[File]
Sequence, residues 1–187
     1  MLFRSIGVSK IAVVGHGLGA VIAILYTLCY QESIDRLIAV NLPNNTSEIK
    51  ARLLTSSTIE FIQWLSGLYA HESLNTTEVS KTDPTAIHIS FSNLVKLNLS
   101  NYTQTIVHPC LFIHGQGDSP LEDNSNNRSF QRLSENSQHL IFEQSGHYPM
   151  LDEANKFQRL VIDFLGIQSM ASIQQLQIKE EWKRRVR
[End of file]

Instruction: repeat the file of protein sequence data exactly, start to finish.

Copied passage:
Sequence, residues 1–187
     1  MLFRSIGVSK IAVVGHGLGA VIAILYTLCY QESIDRLIAV NLPNNTSEIK
    51  ARLLTSSTIE FIQWLSGLYA HESLNTTEVS KTDPTAIHIS FSNLVKLNLS
   101  NYTQTIVHPC LFIHGQGDSP LEDNSNNRSF QRLSENSQHL IFEQSGHYPM
   151  LDEANKFQRL VIDFLGIQSM ASIQQLQIKE EWKRRVR